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National Association of EMS Physicians

Webinars

Women in EMS Committee: Virtual Panel Discussion Series

Are you applying for an EMS Fellowship or evaluating a new job opportunity within EMS?

NAEMSP's Women in EMS Committee is hosting two virtual panel discussions on these important topics!  All are welcome to attend.

Hear from leaders in EMS operations and graduate medical education as well as recent fellowship graduates on how to put your best foot forward and evaluate programs and opportunities to find the best fit for you.

Please register in advance for each meeting to receive the zoom link (you can register the same day):

Fellowship Interviews Preparation: Putting Your Best Foot Forward and Finding the Right Program for You

Friday, September 9, 2022
3pm Eastern Time
Register Now

New Job Negotiation: Tips, Frameworks, and Red Flags

Friday, October 14, 2022
3pm Eastern Time
Register Now


Diversity, Equity and Inclusion Town Hall Series

Cultivating A Culturally Competent Culture: Building Diverse and Inclusive EMS Agencies

Held Friday, May 13, 2022

Watch the Recording Now and Join the Discussion Forum

Make a Diversity, Equity and Inclusion plan for your agency.

Meg Marino, MD

Emily Nichols, MD

From 911 dispatch to hospital handoff, EMTs and paramedics are tasked with receiving a myriad of medical complaints and translating them into a diagnosis that impacts acute care, disposition, and hospital provider first impressions. As communities across the US grow and diversify, prehospital providers must learn to work most effectively across cultures in a manner that values the unique health disparities of a population and its direct impact on patient needs, healthcare compliance, and provider trust. 
 
Drs. Marino and Nichols presented a strategic approach for building a culturally competent workplace. Their strategy includes not only provider education but also active recognition of “cultural empathy” as a strength essential for successful hiring and promotions. Through employee engagement and the recognition of “diversity as excellence” New Orleans EMS has used their collective minds to successfully grow a cadre of providers more fit each day to competently care for the unique city that they serve. NAEMSP President Dr. Michael Levy hosted as moderator. 

During this discussion we:
  • Described historical incidents of unconscious bias within Emergency Medicine and EMS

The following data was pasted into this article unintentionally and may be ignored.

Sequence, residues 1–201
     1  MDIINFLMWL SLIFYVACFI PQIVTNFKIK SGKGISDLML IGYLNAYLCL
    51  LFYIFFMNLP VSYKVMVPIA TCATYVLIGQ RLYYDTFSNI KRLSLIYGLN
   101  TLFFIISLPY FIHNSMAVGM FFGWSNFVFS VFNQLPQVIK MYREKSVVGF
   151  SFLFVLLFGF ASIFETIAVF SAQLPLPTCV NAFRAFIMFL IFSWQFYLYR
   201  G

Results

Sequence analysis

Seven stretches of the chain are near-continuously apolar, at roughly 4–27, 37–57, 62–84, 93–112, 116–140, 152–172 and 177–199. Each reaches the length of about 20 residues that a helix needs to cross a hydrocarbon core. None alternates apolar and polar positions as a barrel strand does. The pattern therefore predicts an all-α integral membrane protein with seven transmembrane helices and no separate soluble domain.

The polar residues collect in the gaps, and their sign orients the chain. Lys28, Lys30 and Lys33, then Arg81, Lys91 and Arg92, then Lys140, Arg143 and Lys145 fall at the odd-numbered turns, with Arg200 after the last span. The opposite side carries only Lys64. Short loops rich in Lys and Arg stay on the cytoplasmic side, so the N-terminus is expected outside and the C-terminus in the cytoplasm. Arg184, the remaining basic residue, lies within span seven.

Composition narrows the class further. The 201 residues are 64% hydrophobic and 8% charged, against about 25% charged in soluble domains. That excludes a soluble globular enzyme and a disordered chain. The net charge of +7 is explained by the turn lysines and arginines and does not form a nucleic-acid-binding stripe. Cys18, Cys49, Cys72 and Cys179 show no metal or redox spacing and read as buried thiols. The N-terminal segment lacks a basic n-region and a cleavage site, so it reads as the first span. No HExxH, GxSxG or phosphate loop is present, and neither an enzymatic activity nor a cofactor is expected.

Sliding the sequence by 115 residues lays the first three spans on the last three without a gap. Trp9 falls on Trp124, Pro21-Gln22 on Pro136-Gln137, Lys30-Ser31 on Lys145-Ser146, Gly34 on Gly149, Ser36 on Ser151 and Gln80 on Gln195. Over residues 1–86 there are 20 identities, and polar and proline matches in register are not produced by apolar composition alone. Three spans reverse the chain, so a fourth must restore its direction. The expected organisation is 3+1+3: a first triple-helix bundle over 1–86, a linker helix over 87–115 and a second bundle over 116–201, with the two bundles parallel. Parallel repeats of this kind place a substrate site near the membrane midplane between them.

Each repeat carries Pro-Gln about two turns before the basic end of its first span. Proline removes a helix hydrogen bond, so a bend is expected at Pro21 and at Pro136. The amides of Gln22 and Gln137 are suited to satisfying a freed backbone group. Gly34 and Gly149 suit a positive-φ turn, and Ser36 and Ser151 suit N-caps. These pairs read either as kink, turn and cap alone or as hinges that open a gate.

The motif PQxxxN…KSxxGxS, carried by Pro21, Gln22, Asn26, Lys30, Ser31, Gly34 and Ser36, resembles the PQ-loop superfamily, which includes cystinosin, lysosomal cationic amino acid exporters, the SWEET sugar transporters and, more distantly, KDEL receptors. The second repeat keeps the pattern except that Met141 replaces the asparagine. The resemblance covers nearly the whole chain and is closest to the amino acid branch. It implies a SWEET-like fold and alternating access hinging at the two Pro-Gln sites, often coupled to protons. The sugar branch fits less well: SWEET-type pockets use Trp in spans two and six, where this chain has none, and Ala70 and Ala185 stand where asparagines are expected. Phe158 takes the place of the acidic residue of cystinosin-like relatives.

• Recited the varied social identifiers and types of diversity within the workplace
  • Explained the differences between (a) diversity & inclusion and (b) equality & equity
  • Identified personal and departmental opportunities for improving cultural competency
  • Constructed a framework for implementing cultural change within agencies

Building the Foundation to Discuss Race & Health Disparities in EMS

Held Wednesday, December 1, 2021

Watch the Recording Now and Join the Discussion Forum

Download the slides.
View a list of anti-racism resources.

Our first in a series of discussions on diversity, equity and inclusion in EMS, this webinar featured our esteemed panelists, Sylvia Owusu-Ansah, MD, MPH, chair of NAEMSP's Diversity in EMS Task Force, and Rickquel Tripp, MD, MPH, vice chair of NAEMSP's Diversity in EMS Task Force, with NAEMSP President Dr. Michael Levy as moderator.

During this discussion we: 

  • Built understanding and knowledge about what is systemic racism and associated terminology
  • Identified ways bias has affected care in EMS
  • Learned about our own implicit biases and starting the conversation with others
  • Reviewed the birth of EMS from Freedom House and its demise due to racism
Panelists

Sylvia Owusu-Ansah, MD, MPH

Sylvia Owusu-Ansah, MD, MPH, is a board-certified pediatrician, board-certified pediatric emergency medicine and emergency medical physician who is currently the medical director of Prehospital and EMS at UPMC Children’s Hospital of Pittsburgh. Owusu-Ansah has completed both a pediatric emergency medicine and emergency medical services fellowship. 

She has spent a majority of her career developing curricula and providing education for EMS personnel in both urban and suburban environments, including Washington, DC; Baltimore; and Pittsburgh, as well as government agencies such as the United States Secret Service. She has co-authored the recent Pediatric Education for Prehospital Providers' recent edition textbook, otherwise known as PEPP, as well as the EMS Textbook’s next edition. Owusu-Ansah is also co-author and first author for the Pediatric Prehospital Readiness for EMS Systems Policy Statement and Technical Report and is currently on the National Committee for Pediatric Prehospital Readiness. She also serves on the board for the National Registry of EMTs (NREMT), for which she serves as chair of the research committee. Research includes c-spine immobilization in the prehospital environment as well as asthma management, seizure protocols, pediatric non-transports, and pediatric airway in the prehospital environment. Sylvia is the chair of NAEMSP's Diversity in EMS Task Force.

Rickquel Tripp, MD, MPH